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Lightning McQueen Found! Now What?

July 21, 2010

Did I tell you that The Diamond’s lost Lightning McQueen has been recovered? About a week after I wrote about the grief my son felt upon losing Lightning despite my I-told-you-so predictions, I went to dinner with a bunch of moms from The Diamond’s class. As we were getting up to leave, Rebecca reached into her purse and pulled out the famous red race car. “I just found it today,” she said.

Since that night, about three weeks ago, the car has been wallowing in the grit at the bottom of my purse. Poor Lightning. First he was lost; now he’s a victim of my indecision. What should I do with him?

Back when The Diamond lost Lightning, I wrote that I wouldn’t buy him a new one. But this is the original. I don’t know whether to give it back, give it away, hold it for ransom or hide it in the back of a closet to be rediscovered when he’s packing for college.

Truth is, he hasn’t even asked for it. I know I’m tempting fate by leaving it in my purse, just begging The Diamond to find it. But I don’t feel quite right pretending it’s still missing. Is there a special way to give it back him so that he’ll really understand and appreciate the good fortune of getting it back while LEARNING. THE. IMPORTANT. LIFE. LESSON. of taking responsibility for his stuff? Or am I just taking this all WAY. TOO. SERIOUSLY.?

Your thoughts?

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8 Comments
  1. hmmm, this is an interesting situation.

    Like you, I refuse to buy replacements when the kids lose or break something I’d told them to be careful with. Its hard to see them sad, but I think its the only way for them to learn how to take care of their things. A few times my husband has been able to fix toys one of them has broken and it seems to negate the lesson.

    I think it “responsibility” has been an issue you’ve been struggling with for awhile, I would not give him the toy back. If, however, you feel this was an isolated incident or that the trauma of the loss will stick w/him even after he’s reunited w/his toy, I’d return it w/a strict reminder that he’s lucky someone found it and that you will not search for or replace it should it become lost again.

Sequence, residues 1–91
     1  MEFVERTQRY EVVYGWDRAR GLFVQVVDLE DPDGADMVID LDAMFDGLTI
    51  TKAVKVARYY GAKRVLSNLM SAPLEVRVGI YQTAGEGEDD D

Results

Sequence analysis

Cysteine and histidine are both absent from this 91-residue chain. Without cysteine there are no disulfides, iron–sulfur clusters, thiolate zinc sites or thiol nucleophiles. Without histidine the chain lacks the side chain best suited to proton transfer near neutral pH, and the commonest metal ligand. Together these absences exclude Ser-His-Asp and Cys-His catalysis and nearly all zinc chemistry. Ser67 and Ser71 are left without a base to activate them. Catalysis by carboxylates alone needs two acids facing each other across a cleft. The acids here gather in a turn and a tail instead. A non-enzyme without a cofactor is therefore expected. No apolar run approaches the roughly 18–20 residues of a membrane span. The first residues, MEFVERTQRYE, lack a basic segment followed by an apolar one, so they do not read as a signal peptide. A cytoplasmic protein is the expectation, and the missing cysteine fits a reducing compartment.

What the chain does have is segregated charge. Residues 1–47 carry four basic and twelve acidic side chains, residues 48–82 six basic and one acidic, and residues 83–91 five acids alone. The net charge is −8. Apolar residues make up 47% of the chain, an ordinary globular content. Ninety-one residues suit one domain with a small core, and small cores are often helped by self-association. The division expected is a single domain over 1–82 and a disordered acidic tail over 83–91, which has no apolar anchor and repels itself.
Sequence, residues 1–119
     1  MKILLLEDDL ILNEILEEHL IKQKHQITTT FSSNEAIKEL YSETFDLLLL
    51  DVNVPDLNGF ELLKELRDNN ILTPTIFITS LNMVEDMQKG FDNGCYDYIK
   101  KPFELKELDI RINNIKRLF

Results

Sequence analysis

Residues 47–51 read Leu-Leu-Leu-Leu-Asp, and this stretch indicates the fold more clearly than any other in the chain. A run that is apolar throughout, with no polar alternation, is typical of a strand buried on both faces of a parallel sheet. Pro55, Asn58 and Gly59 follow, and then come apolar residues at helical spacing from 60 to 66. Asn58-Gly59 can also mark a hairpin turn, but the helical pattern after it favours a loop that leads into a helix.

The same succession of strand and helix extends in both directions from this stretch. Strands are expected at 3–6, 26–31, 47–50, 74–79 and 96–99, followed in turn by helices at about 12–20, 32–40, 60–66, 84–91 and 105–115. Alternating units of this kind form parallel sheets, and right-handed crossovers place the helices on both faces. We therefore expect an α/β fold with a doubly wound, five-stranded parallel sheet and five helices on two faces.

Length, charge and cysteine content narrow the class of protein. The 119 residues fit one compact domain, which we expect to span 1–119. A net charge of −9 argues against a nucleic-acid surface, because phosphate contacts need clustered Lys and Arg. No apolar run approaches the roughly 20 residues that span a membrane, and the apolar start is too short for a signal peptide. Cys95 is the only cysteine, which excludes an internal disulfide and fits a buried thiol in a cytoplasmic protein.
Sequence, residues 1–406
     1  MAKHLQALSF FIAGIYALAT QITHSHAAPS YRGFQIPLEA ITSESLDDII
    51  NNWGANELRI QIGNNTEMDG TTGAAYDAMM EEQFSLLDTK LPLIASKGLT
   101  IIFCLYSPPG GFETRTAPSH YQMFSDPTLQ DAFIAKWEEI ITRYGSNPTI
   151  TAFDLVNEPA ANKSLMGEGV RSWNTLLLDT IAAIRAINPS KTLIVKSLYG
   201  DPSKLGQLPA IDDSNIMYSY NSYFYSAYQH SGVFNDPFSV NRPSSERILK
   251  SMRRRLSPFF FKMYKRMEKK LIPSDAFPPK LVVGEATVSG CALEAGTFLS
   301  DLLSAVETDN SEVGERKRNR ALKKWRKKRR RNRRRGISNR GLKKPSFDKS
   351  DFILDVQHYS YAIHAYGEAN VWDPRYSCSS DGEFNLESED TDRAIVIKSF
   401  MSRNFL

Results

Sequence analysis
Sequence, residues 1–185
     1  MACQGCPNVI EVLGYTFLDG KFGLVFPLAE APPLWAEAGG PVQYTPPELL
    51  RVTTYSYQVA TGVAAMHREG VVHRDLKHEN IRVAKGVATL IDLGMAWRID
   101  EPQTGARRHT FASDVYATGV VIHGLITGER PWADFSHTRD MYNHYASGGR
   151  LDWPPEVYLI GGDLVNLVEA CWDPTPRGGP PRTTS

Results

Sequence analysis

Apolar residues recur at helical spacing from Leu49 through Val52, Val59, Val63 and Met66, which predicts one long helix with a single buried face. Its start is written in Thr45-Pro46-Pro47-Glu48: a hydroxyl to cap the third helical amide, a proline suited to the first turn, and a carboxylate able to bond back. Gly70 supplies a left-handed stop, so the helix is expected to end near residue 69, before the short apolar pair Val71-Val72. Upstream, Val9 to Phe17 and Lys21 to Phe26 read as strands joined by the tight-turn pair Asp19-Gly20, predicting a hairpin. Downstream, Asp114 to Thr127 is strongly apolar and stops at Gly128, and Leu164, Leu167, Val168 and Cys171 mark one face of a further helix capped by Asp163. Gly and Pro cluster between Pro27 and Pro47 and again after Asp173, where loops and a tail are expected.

I’ll be interested to see what you do and how it works.

    • Michelle Buzgon permalink

      Kristen, I’ll keep you posted. He’s actually pretty responsible (for a 4-year-old), and usually I can persuade him not to take things he cares about out of the house. And for a while, at least, I’ll always have the trump card, “Remember what happened to Lightning McQueen?”

  2. Is that sad that I’ve done that to Mr Realist? He lost his good Leatherman knife last summer. We looked everywhere for that thing. Finally, we broke down and bought him another one so he could have one. Guess what we found the same afternoon? He’s never without his new one, though. 🙂
    And I got the old one in the process.

    Happy ICLW!

  3. My view (take it or leave it, of course): Maybe a tad too seriously…. I think four is pretty young for them to take ownership of their toys, although I’m sure others would disagree. When mine were that age, this awesome preschool teacher told me something about putting the kids in situations where they could excel (and where they were not set up to fail). I tried to take that to heart, which meant we sometimes would forego an activity that some of us would have enjoyed because someone else couldn’t handle it. But I digress…

    If he hasn’t asked for it, he probably has moved on, so maybe the big responsibility message wouldn’t get through anyway. Again, this is only based on my personal experience — I am by no means an expert!

    • Maybe a bit too seriously.

      Unless you have plans for the toy, I say give it back. Sometimes life is just good or lucky that way. So much that is lost isn’t recoverable. Don’t we all deserve a little of the joy you get when you find something? How did you feel when you first saw the missing Lightning?

      And, if you are looking for a lesson, you could always turn the focus to the parent/child that found and returned the item.

      • Michelle Buzgon permalink

        I love all those ideas, G. Such wise lesson plans. Thanks! -M

  4. janine permalink

    oh, what a universal dilemma for parents. What did you decide? I love these early learning opportunities or teachable moments – when the drama may be high, the stakes are not, and the opportunity for crystalized learning is ripe for the picking!!

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